The following labs have been assigned so far in the course:


Textbooks and Other Resources

Required text:

We'll use the required textbook both for class material and as a reference. Revelant portions of the required text will be assigned throughout the semester: please read each assigned section before the course meeting where it will be discussed.

Optional texts:

Other information sources:


Grading

Labs will constitute a major portion of the grade in this course. This reflects the course's emphasis on hands-on exploration of the material. The midterm and final exams will be comprehensive, and roughly proportioned to cover the material in both of the tracks in the course. The best way to study for the exams is to keep up with the readings, studio exercises, and labs during the semester.

The last grading component is an evaluation of your participation in the class, and an evaluation of your application of the tools and techniques discussed in class and labs. This component is separated out to:

  1. broaden the evaluation criteria,
  2. reduce the weight of the exams a bit, and
  3. encourage active participation in discussions/lectures, labs, etc.

Labs 50 percent
   Lab 0:  5 percent
   Lab 1:  10 percent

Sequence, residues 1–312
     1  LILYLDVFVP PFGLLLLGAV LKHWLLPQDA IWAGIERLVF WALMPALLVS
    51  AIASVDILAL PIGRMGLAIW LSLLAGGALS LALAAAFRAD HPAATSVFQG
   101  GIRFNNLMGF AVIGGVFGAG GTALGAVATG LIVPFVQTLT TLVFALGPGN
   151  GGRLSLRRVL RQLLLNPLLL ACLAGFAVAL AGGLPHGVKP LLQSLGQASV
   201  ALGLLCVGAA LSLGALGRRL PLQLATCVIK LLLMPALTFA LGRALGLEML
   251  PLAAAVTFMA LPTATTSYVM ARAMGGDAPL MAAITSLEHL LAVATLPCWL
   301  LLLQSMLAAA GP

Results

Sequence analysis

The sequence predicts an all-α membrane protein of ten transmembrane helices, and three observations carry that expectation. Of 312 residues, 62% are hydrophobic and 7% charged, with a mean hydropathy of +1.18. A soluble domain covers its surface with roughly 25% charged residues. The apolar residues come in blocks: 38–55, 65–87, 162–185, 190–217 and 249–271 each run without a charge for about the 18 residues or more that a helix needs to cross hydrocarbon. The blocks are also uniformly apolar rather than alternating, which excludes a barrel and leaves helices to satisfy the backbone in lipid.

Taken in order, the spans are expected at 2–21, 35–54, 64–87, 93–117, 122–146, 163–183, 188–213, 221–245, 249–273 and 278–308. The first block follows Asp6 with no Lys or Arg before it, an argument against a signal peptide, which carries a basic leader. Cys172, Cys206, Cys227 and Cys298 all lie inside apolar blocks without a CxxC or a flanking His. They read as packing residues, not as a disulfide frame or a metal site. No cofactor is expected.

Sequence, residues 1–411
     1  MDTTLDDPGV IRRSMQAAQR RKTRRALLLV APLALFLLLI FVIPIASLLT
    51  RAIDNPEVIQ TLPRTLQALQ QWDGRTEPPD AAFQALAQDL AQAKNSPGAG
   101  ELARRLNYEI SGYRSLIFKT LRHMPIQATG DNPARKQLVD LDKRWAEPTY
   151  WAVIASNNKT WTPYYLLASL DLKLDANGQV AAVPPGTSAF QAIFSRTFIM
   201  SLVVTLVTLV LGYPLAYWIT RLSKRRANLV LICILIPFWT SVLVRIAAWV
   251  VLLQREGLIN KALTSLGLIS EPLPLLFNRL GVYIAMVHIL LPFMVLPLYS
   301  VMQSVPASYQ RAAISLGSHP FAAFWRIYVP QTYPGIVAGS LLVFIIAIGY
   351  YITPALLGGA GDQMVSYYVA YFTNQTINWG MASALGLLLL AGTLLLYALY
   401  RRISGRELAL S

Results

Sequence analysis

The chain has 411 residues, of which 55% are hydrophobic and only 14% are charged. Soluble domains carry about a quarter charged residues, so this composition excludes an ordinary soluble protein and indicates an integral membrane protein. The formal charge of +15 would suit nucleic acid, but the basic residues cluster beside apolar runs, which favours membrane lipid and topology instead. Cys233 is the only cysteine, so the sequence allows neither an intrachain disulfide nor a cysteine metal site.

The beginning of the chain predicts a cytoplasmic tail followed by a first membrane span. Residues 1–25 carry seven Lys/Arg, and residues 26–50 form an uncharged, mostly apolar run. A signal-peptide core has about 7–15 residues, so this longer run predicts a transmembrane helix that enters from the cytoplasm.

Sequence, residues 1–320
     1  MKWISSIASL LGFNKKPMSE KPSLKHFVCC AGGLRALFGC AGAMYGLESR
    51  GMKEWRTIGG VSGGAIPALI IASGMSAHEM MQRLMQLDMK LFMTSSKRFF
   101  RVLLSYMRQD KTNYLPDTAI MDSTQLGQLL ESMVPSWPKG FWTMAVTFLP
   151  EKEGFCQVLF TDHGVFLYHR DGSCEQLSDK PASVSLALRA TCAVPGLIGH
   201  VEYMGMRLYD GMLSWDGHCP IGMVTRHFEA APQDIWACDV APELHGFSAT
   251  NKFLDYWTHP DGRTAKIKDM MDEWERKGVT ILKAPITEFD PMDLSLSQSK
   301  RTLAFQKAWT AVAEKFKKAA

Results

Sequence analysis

Lab 2:  15 percent
   Lab 3:  20 percent
Midterm exam 15 percent
Final exam 25 percent
Participation 10 percent


Cheating

Put simply, from Stan Kwasny's statement on cheating:

"Cheating is the willful misrepresentation of someone else's work as your own, and will not be tolerated in this course."

For this course, examples of cheating include but are not limited to: collaboration on an exam, using unapproved sources of information during an exam, or sharing of significant portions of code or designs between programming teams.

This is a very serious matter. Anyone found cheating will at a minimum receive the negative value of the assignment in question (for example if an assignment is worth 10 percent, a score equivalent to -10 percent will be assigned), or possibly an F for the course. Further action may be taken in extreme cases, including referral to the Engineering School's formal academic integrity process.

Furthermore, our policy is that we will make the final determination on what constitutes cheating. If you suspect that you may be entering an ambiguous situation, it is your responsibility to clarify it before we detect it: if in doubt, please ask.